Effects of common ophthalmic preservatives on ocular health

Adv Ther. 2001 Sep-Oct;18(5):205-15. doi: 10.1007/BF02853166.


Preservatives are an important component of ophthalmic preparations, providing antimicrobial activity in the bottle and preventing decomposition of active drug. Often underrecognized, however, are the significant cytotoxic effects of preservatives associated with long-term therapy and especially use of multiple preserved drugs. The most common preservatives in ophthalmic preparations for glaucoma and surface eye disease-benzalkonium chloride (BAK), chlorobutanol, sodium perborate, and stabilized oxychloro complex (SOC)-were reviewed. Compared with other preservatives, SOC caused the least amount of damage to rabbit corneal epithelial cells. BAK has demonstrated cytotoxic effects in cell culture, as well as in animal and human studies. Physicians should consider treatment with new-generation preparations containing low-risk preservatives such as SOC, especially in patients receiving multiple ophthalmic medications.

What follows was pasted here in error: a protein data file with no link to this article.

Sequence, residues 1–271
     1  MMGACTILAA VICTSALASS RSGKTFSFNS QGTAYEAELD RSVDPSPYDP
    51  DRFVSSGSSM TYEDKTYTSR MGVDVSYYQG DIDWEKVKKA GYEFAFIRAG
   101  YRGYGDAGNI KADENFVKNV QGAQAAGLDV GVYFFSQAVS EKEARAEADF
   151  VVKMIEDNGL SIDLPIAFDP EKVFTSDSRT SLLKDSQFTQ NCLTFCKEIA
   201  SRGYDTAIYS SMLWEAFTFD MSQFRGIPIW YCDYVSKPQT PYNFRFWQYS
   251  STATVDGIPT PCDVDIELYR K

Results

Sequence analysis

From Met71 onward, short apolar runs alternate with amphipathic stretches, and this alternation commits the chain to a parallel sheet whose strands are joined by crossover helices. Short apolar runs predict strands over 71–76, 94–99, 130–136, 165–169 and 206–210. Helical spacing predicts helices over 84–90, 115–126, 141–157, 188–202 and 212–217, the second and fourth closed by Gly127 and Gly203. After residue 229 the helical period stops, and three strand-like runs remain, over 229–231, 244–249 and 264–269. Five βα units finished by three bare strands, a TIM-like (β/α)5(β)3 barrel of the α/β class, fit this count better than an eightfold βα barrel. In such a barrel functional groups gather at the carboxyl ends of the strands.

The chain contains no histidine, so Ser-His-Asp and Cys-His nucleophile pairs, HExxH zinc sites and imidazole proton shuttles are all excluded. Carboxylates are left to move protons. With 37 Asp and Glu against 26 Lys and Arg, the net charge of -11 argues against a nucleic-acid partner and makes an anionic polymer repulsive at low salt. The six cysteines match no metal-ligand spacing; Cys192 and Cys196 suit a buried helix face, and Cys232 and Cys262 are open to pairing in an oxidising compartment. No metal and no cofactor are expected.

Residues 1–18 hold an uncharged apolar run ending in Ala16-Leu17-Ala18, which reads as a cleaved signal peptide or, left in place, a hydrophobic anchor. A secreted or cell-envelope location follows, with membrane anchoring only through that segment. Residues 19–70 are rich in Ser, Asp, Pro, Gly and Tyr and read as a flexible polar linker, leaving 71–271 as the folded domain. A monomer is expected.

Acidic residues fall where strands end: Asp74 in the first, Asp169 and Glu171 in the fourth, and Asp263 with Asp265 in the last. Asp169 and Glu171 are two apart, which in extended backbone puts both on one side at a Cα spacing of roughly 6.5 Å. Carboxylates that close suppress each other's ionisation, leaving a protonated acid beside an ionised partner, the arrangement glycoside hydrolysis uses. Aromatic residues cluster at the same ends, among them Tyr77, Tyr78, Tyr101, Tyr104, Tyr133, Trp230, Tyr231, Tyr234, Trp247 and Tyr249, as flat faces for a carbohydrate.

Publication types

  • Review

MeSH terms

  • Animals
  • Benzalkonium Compounds / adverse effects
  • Borates / adverse effects
  • Chlorine Compounds / adverse effects
  • Chlorobutanol / adverse effects
  • Glaucoma / chemically induced*
  • Glaucoma / drug therapy
  • Humans
  • Keratoconjunctivitis / chemically induced*
  • Keratoconjunctivitis / drug therapy
  • Ophthalmic Solutions / adverse effects*
  • Ophthalmic Solutions / therapeutic use
  • Oxides / adverse effects
  • Preservatives, Pharmaceutical / adverse effects*
  • Rabbits
  • Risk Factors


  • Benzalkonium Compounds
  • Borates
  • Chlorine Compounds
  • Ophthalmic Solutions
  • Oxides
  • Preservatives, Pharmaceutical
  • chlorine dioxide
  • Chlorobutanol
  • sodium perborate